In the early morning of January 18, 1970, much of High Mowing School burned to the ground. But the stories from the aftermath of the fire, as remembered by Mrs. Emmet in From Farm to School, do not only paint a picture of loss. There are also many stories of hope and resilience from that night, and more still from the days and months that followed. Here are just a few.
Mrs. Emmet and many of the students gathered across campus in the home of Frank Waterman, a faculty member at the time. As the old houses and the connecting strip of barn continued to burn, those gathered waited for …
on Tuesday January 21 at 04:13PM
The High Mowing Nativity has been performed every year since the school began during World War II. Mrs. Emmet directed the Nativity from the early days of the school until the 1970s when Sabina Nordoff, the Eurythmy teacher, took over. The torch was passed to Patrice Pinette in the 1990s after Sabina became ill and passed away, and this year Patrice and Raven Garland are co-directing. We spoke to Patrice, Raven and Eunice Chalmers, who has been a member of the High Mowing community since the 1970s, about the Nativity’s history.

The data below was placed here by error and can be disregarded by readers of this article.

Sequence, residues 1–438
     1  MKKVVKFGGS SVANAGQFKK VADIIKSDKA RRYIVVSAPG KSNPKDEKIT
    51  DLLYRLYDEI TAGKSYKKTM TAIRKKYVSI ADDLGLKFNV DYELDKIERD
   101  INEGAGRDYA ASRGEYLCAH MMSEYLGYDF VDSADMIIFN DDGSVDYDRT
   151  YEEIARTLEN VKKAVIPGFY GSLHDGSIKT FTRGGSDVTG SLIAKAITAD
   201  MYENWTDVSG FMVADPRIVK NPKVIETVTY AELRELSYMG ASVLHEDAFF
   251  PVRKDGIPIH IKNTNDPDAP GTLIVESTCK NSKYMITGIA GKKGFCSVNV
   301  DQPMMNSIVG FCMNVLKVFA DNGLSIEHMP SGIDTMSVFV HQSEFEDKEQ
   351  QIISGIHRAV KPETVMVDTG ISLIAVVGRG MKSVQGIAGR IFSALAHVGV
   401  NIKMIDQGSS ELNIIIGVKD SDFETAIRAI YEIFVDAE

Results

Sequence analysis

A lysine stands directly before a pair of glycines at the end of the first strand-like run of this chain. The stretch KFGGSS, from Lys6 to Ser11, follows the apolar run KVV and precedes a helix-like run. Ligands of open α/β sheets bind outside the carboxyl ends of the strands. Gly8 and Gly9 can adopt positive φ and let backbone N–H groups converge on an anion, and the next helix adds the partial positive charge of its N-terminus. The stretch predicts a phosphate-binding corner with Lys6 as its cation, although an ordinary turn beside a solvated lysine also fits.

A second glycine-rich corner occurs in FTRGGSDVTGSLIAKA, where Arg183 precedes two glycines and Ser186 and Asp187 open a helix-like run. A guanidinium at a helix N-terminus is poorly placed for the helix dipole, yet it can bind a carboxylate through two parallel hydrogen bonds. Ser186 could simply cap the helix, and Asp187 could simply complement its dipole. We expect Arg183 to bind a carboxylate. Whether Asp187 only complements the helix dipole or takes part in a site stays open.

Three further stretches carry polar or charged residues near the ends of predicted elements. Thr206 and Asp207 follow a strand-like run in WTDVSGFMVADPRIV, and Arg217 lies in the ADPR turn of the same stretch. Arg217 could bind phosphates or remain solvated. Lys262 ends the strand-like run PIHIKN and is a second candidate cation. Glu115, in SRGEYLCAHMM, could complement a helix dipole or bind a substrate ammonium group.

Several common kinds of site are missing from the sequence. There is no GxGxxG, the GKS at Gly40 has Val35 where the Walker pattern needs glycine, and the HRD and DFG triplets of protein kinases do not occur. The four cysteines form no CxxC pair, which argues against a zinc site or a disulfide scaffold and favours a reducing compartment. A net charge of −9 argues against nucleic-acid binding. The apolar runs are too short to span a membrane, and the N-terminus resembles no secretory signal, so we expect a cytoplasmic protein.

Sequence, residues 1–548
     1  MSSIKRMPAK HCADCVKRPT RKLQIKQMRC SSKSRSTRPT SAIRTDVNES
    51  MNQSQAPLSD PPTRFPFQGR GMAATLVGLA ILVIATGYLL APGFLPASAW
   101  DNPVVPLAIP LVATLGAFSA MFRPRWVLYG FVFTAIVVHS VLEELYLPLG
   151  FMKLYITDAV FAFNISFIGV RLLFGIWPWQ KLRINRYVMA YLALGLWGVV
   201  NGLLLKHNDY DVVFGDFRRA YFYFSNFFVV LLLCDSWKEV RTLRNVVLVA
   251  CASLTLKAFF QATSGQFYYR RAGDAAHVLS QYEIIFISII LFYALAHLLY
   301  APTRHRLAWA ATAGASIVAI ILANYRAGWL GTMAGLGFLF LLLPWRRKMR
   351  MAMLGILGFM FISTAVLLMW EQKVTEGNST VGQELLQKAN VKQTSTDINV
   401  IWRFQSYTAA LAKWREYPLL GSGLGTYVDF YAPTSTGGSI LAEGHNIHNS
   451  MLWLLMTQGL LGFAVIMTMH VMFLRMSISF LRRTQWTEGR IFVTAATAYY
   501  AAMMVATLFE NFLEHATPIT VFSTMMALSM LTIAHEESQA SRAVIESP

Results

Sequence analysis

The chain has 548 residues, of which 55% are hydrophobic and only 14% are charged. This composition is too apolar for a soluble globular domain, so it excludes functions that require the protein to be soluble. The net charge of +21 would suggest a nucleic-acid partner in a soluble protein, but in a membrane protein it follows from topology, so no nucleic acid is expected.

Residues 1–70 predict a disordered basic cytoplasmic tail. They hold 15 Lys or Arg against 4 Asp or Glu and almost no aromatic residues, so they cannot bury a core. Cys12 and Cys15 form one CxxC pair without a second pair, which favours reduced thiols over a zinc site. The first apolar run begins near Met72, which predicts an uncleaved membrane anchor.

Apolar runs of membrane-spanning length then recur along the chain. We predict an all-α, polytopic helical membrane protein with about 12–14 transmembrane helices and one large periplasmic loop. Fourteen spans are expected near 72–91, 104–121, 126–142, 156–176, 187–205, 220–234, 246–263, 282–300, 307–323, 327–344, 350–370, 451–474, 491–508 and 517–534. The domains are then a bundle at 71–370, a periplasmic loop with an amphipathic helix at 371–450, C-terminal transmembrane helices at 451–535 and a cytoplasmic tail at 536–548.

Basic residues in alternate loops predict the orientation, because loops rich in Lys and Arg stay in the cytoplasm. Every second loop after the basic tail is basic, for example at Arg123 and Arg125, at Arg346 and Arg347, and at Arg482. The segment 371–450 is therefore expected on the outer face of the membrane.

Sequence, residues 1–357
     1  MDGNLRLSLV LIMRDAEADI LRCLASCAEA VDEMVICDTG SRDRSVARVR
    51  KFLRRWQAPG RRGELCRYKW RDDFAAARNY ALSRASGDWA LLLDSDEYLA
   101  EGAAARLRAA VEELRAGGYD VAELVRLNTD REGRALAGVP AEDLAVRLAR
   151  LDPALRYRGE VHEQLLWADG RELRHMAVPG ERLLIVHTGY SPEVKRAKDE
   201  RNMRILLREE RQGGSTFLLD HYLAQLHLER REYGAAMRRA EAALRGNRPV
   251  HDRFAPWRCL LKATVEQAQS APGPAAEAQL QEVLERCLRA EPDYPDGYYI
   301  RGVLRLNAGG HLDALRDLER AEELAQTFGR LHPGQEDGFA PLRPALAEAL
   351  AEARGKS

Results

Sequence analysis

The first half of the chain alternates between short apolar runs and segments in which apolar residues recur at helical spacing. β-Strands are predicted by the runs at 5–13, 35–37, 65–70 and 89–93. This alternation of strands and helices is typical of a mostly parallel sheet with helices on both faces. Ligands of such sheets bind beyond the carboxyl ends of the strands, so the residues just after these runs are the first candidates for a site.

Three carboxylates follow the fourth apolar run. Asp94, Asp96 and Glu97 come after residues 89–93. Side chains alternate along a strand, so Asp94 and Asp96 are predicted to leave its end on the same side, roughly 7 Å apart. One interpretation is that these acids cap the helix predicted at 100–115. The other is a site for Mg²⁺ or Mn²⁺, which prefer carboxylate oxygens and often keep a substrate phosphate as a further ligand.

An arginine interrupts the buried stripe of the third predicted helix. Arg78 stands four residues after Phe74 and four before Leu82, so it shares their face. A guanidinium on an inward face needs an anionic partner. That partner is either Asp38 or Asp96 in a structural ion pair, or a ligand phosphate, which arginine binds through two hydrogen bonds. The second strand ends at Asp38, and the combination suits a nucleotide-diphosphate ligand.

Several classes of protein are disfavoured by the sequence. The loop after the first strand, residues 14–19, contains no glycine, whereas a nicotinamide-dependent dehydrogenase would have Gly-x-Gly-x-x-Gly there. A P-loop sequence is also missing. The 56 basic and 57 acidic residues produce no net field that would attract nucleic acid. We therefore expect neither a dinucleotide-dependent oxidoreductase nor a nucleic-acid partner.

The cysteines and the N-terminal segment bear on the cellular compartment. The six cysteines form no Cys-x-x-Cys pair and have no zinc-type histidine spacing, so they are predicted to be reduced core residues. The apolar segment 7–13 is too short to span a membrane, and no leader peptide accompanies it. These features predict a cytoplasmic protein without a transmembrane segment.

Eunice Chalmers: Mrs. Emmet’s conception of the Nativity was …
on Tuesday December 10, 2013 at 12:28PM
There is a rich history of biodynamic and community supported agriculture on Abbot Hill — a tradition that is driving High Mowing’s efforts to raise funds to purchase and conserve Frye Field. We spoke with Lincoln Geiger, co-founder of the Temple-Wilton Community Farm and dear friend of High Mowing, about the history of the Temple-Wilton Community Farm (the oldest continually-running CSA in America) and how the acquisition and conservation of 90+ acres of pristine wilderness will add to the vitality of Abbot Hill.
How did your story in Wilton start? When did you come to the area and why?
on Wednesday October 2, 2013
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